A few weeks ago, a young web designer named Daniel Gurtner (whom I don’t know and have never met), bought my book, “I’m OK—You’re Not: The Message … [and so on].” Out of the goodness of his heart, Daniel then made the below, which is my first ever book video. Built by a fan! For free! Which I can totally afford!
Kids today. They clearly don’t have enough to do. Thank God.
The day Daniel shared with me his clip, I also got an email from a stranger named James, who wrote:
“I just finished reading I’m OK—You’re Not, and I really enjoyed it. It has forced me to do some serious thinking, and brought to the surface many things that have bothered me for years, but that I could never put a finger on. In the twenty-five years I have been a Christian, I have inadvertently pushed away countless ‘Normie’ friends, and been unable to get very close to many others, because of this pressure I have always felt to convert them. Your methodology and rationale make so much more sense than what I’ve been taught all these years about ‘how to witness.’
“I have always had this overwhelming sense of guilt for having friends for years, and for not ‘being a good witness’ to them through word or deed. I am hoping that by practicing the tips and suggestions in your book I can relieve some of this guilt, and finally start to love others as Christ intended. I am also hoping I will become more Christlike through the process.
“Thank you for your courage in writing a book that needed to be written, knowing full well the scathing vitriol you were likely to get from the Christian community as a whole. I am praying that many more people will hear your message and take it to heart, and that God will continue to strengthen, encourage and bless you. You are doing His work, despite what some detractors may say to the contrary. Your book was not only an epiphany, but also a paradigm shift as for me. Thank you again for your work. May God continue to bless you.”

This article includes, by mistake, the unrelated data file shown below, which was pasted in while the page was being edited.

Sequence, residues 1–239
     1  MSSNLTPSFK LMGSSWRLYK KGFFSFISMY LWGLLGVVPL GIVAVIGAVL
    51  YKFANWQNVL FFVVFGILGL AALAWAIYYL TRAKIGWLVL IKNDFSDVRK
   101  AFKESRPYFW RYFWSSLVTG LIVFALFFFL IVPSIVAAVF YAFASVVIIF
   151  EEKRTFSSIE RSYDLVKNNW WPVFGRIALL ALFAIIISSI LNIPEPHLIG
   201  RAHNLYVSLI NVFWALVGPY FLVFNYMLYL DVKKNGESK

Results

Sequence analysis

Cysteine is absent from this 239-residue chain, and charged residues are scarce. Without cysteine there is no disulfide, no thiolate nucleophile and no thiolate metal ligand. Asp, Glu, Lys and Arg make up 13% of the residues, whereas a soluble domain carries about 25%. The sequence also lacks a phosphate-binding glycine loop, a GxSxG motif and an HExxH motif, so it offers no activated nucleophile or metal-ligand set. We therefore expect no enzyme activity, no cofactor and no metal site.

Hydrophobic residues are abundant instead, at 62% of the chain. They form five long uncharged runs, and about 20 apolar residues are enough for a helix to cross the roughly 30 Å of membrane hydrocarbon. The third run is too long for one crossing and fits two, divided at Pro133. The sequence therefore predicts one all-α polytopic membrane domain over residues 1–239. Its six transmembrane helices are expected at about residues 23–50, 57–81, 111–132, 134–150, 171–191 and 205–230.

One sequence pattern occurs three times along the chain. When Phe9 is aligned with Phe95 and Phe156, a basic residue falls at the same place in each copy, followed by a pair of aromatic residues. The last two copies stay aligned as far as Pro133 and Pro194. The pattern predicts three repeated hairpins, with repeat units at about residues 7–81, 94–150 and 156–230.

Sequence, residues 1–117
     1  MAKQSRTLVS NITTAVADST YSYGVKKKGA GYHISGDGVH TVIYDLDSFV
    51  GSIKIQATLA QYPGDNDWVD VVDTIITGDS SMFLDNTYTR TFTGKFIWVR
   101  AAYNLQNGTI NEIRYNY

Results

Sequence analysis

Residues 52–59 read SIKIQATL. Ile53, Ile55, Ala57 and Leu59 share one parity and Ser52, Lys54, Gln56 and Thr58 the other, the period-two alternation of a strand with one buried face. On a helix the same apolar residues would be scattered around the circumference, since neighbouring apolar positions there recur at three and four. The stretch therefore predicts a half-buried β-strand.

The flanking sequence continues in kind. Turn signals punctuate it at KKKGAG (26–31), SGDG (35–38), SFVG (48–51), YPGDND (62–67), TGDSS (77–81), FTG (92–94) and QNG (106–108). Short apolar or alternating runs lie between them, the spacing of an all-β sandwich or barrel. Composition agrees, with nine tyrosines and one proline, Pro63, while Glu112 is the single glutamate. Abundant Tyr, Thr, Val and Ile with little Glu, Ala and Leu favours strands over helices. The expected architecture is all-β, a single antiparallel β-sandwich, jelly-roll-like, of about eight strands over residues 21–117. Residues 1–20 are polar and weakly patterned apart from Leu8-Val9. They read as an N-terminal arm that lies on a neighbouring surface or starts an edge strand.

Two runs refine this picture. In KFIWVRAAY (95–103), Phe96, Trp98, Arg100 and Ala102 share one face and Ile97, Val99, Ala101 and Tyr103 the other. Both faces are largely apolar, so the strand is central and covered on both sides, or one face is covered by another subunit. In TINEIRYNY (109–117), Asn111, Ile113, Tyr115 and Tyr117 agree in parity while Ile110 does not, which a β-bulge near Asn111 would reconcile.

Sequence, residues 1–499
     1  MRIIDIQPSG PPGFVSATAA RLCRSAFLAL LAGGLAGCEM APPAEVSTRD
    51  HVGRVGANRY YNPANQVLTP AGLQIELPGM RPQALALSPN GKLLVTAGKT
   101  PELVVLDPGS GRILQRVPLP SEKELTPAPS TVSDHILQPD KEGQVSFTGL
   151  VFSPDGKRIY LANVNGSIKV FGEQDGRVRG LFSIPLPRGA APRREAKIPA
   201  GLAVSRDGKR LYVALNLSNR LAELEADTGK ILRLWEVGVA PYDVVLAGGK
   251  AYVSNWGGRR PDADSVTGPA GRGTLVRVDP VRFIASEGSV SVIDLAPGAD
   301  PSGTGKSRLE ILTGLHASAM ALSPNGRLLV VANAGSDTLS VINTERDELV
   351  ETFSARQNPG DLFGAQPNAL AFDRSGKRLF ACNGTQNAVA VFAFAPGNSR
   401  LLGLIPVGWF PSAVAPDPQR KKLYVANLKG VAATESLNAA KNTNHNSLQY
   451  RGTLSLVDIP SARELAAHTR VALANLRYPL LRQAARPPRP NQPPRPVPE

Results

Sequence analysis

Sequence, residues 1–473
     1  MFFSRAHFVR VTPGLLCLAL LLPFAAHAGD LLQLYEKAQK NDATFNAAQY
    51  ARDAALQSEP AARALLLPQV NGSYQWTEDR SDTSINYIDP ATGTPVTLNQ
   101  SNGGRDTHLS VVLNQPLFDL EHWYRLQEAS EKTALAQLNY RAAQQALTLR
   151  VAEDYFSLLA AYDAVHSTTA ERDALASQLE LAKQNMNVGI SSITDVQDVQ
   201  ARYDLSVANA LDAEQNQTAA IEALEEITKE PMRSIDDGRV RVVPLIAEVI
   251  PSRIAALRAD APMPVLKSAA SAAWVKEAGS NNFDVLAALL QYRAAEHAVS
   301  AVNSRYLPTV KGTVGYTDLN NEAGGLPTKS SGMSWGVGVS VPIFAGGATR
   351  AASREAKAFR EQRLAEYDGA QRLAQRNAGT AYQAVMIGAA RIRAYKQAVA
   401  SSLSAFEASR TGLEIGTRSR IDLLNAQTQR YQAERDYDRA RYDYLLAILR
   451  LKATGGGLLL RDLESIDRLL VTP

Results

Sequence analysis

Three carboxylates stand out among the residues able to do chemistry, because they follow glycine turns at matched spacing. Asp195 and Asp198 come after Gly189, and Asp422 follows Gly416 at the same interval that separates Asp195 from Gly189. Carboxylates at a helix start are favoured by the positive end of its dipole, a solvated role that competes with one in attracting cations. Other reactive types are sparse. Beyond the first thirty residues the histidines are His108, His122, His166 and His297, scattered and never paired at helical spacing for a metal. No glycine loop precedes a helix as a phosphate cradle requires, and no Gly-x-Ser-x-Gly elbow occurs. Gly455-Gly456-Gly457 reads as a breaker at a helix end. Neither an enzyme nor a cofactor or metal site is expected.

How sweet is that?
The next morning, I had waiting in my inbox an email from a man named Bob, who wrote me to say:
“I am a 48 year old Texan who, after many years of believing I was not a Christian—because my preference for an allegorical understanding of scripture alienated me from the fundamentalist Christians who basically dominate the scene here in Texas—finally eased up on myself and decided my beliefs were indeed very Christian. I attend an Episcopal church in Houston and have gotten great comfort from a faith tradition that allows for reason in addition to scripture and tradition. And now I concern myself mostly with looking for and finding God’s message in scripture, rather than finding all the contradictions that drive the fundamentalists nuts.
“Anyway, for some time I had been trying to work out in my mind what I considered a central paradox in discipleship: the conflicts inherent between the Great Commandment and the Great Commission. I knew in my heart that the Great Commandment should trump all, but felt somehow I was missing the boat, watching the Baptists across the street reel in converts while we Episcopalians basically die off without replacing ourselves.
“And then I ran across your book on the internet [here]. I impulsively spent the $6.99 to download it (don’t spend it all in one place now), and I am digesting it as fast as I can. … I wanted to thank you for I’m OK – You’re Not. It is just exactly where I am right now. I am going to forward the link for it to my priests and a few of my more tolerant fellow parishioners, in hopes that you’ll make a few more $6.99 sales; and of course, so that we might better advance the discussion of how we Episcopalians can improve our discipleship. Thanks and God bless.”
Isn’t that extremely nice of him to write?
Then I saw that in the three days since I’d put I’m OK–You’re Not up for sale on Scribd.com, one thousand people had viewed it, and some 25 Scribders had added it to their list of favorites.
For the obvious reasons, it’s Basically Uncomfortable for me to share with you this lovely little … input flurry. But then it feels weird not to, too, since … well … I mean …. you guys and I are … I mean … well ….